Planned MENA ranking “must reflect distinctive missions of institutions in the region”

January 1, 1990

Museum of Islamic Art, Doha, Qatar

Friday, 27 February 2015


A new ranking of universities in the Middle East and North Africa must reflect the distinctive missions of institutions in the region, a conference heard.

Times Higher Education is planning to publish its first full ranking of the region’s universities at the THE MENA Universities Summit in the UAE in February next year, building on the flagship World University Rankings. These measure institutions’ performance on a range of measures such as reputation, research impact, teaching environment and internationalisation.

THE’s inaugural MENA Universities Summit in Qatar was told that a bespoke range of metrics would be used to compile the regional league table.

Comments made during a consultation session, held on 24 February 2015 as part of the conference, will help to decide what these should be.

Cesar Wazen, the director of the scholarships and partnerships office at Qatar University, said the MENA rankings should reflect the importance of teaching to institutions in the region.

“Our universities teach our students to have specific skills,” he said. “Our doctors do operations – we don’t have the luxury of having doctors doing research.

“Middle Eastern and North African universities do carry out research, but it may need to be measured in a different way,” Mr Wazen continued.

“Research is geared towards our societal needs,” he said. “It doesn’t have to be in English, it doesn’t have to be according to the standards that are set by the West, but it’s there – the ranking agencies just have to find it.”

This view was echoed by Maryam Riaz, president of the Middle East and North Africa Association for Institutional Research, who suggested that the weight placed on a number of measures for the World University Rankings could potentially be reduced for the regional table.

These included internationalisation – of faculty, since many universities were trying to increase the number of local staff they had, and of students, since institutions had a key role in educating a country’s workforce.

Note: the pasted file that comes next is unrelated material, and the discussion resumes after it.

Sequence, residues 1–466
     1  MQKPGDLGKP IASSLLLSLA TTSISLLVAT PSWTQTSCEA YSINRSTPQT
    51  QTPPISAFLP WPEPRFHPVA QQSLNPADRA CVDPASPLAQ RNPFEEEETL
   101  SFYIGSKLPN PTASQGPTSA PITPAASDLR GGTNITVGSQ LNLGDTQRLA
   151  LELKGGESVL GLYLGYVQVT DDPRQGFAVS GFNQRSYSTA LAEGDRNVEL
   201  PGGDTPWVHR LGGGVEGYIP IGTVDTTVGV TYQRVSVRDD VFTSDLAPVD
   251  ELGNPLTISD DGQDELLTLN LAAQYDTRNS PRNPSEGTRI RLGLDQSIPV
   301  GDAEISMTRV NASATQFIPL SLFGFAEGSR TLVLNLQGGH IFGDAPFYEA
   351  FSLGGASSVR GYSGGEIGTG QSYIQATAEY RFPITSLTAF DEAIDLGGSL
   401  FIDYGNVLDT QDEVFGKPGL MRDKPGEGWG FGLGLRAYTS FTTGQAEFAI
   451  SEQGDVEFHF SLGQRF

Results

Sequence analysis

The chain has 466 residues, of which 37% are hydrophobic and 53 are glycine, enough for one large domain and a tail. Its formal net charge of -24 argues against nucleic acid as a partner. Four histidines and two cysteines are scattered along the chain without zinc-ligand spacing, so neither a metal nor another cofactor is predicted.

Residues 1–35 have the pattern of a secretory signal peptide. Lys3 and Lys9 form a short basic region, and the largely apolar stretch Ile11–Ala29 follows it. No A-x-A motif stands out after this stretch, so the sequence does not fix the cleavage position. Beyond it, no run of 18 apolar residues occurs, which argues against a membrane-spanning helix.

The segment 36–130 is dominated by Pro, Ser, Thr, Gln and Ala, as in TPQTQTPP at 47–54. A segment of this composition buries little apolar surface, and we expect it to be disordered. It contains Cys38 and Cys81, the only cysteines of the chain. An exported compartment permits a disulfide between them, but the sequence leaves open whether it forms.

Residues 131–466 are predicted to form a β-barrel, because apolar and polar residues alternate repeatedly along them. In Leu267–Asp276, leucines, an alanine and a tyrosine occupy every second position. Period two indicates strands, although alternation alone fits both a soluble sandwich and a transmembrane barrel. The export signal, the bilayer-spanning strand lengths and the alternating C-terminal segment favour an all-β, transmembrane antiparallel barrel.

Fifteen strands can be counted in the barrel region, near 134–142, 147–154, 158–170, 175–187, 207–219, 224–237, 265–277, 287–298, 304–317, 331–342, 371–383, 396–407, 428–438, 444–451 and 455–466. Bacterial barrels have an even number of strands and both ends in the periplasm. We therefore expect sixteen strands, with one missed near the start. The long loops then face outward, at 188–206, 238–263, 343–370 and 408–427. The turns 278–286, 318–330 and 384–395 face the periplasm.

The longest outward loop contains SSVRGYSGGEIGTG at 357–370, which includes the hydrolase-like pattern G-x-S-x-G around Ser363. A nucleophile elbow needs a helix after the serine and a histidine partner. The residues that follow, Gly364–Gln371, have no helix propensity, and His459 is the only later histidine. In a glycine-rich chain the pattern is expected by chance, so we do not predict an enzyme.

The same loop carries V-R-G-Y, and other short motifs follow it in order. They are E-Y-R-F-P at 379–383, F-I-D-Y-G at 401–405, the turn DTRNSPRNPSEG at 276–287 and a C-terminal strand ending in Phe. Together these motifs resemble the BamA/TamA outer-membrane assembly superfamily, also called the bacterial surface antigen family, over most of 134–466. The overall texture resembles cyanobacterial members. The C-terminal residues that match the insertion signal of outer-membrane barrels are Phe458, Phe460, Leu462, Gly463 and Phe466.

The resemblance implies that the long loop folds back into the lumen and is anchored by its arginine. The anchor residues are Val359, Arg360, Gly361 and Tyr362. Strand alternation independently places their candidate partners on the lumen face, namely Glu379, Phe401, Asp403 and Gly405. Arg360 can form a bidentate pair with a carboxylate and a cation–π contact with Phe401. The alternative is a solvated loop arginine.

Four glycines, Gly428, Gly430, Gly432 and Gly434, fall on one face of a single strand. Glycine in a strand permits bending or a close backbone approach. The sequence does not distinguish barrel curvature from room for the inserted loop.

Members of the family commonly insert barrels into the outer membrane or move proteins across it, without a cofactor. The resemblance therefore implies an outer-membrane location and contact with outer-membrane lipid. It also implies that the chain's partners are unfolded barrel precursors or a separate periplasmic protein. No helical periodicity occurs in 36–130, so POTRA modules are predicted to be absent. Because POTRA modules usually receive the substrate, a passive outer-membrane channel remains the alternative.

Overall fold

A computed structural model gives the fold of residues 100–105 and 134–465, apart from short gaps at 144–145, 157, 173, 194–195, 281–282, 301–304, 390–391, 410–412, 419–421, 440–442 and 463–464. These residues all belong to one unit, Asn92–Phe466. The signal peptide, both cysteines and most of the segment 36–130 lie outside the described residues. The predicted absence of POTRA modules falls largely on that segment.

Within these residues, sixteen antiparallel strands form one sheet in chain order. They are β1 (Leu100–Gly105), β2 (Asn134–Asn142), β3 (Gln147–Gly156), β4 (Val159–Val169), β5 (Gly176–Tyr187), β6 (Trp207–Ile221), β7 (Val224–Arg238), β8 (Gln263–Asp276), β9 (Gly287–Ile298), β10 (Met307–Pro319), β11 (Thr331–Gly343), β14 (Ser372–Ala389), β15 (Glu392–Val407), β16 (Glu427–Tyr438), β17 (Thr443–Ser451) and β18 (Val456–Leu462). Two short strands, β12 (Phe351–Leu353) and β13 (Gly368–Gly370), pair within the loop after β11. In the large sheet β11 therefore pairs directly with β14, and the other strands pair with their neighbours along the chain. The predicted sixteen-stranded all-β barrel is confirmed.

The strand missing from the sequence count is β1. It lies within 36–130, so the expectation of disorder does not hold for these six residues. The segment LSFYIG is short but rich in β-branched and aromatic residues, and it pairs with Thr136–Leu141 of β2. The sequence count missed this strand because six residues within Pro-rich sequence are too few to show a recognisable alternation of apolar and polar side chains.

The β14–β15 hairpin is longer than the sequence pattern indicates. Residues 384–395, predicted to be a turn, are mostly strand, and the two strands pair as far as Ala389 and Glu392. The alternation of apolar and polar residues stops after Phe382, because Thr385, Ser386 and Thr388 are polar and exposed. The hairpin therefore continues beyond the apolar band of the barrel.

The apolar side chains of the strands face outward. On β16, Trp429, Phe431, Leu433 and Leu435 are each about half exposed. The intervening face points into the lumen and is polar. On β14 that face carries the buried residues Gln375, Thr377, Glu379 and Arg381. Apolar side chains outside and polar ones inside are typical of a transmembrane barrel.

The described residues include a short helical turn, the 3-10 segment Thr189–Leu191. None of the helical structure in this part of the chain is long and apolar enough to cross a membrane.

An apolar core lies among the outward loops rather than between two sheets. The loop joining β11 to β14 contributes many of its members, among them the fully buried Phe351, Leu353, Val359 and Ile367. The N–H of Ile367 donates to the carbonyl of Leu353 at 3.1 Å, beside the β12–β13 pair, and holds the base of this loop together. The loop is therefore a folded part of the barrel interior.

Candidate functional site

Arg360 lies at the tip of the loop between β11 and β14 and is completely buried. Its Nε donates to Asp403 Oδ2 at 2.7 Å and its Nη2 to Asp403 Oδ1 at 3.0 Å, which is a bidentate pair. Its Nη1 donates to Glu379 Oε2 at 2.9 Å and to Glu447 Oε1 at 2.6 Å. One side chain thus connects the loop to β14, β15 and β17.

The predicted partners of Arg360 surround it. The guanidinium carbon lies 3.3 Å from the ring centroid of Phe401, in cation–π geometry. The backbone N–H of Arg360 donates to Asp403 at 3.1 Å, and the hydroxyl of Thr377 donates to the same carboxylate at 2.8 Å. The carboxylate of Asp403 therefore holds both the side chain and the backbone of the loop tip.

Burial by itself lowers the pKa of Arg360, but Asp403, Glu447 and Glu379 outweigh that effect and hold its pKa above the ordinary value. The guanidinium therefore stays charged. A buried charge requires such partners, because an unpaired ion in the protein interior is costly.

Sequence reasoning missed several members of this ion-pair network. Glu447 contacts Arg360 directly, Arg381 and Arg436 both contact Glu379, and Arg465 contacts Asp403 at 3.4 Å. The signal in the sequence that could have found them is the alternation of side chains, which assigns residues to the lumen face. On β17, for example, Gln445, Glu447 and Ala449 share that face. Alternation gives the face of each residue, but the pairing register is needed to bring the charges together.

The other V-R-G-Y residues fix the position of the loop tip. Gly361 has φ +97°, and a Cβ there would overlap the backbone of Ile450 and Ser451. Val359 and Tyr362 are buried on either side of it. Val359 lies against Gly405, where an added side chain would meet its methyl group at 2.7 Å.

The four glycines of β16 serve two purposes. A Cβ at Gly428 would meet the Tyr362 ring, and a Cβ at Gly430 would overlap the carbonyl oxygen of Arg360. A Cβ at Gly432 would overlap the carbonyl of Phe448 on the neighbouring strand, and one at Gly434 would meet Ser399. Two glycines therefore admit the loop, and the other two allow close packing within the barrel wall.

Ms Riaz said these could be replaced by a number of new metrics, which could attempt to measure factors including the accreditation of programmes and standards of governance.

A survey of employers exploring the quality of graduates could also be drawn upon, Ms Riaz suggested.

Conference attendees suggested a number of other issues that could be considered as part of a MENA ranking, including social media citations and international employability of graduates.

Concerns were raised that “relaxing” the ranking requirements would not do institutions any favours as they tried to raise their performance to match that of the world’s leading universities.

In the World University Rankings’ top 400, there are only 12 MENA universities, including institutions in Turkey.

But Ms Riaz said it was a question of being “realistic” about the stage of development that institutions were at, adding that MENA institutions would still be included in the global tables.

Phil Baty, the editor of the World University Rankings, urged institutions to submit their information to THE’s annual data collection round, so more of them could be considered for this year’s list.

The conference also heard from speakers who felt it was too early to rank the region’s universities.

Sultan Abu-Orabi, secretary general of the Association of Arab Universities, said research investment and performance was still at a comparatively low level, and that the region suffered from a “brain drain” of the best talent to the Western world.

These issues needed to be addressed, he said, “before we look at ranking”.

To show the potential of a MENA ranking, the event featured the publication of a top 30 snapshot of institutions based on just one measure, research impact, calculated using citation scores from Elsevier’s Scopus database.

Texas A&M University at Qatar was in first place ahead of the Lebanese American University. Saudi Arabia’s King Abdulaziz University was third, ahead of Qatar University and the American University of Beirut.

To ensure your university is included in the annual institutional data collection round, which takes place over the next two months, please email profilerankings@timeshighereducation.com

 

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